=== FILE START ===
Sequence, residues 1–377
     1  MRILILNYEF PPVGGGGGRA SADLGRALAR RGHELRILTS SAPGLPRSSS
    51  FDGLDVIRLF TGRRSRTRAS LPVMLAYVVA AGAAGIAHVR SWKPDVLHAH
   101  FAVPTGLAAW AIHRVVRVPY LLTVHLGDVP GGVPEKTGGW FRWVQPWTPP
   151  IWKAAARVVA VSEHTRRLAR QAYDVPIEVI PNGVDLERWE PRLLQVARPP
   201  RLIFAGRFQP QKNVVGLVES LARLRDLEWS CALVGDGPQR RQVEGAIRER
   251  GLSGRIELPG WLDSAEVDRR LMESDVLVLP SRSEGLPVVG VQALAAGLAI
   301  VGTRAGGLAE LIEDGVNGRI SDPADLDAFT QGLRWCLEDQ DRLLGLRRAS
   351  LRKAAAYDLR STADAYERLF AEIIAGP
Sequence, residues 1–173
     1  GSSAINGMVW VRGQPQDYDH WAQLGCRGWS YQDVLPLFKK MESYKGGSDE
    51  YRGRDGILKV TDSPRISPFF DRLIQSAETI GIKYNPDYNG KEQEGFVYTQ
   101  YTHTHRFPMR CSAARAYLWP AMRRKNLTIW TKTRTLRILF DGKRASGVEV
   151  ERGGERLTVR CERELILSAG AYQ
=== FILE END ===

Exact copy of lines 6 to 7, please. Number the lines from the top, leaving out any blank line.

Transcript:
   201  RLIFAGRFQP QKNVVGLVES LARLRDLEWS CALVGDGPQR RQVEGAIRER
   251  GLSGRIELPG WLDSAEVDRR LMESDVLVLP SRSEGLPVVG VQALAAGLAI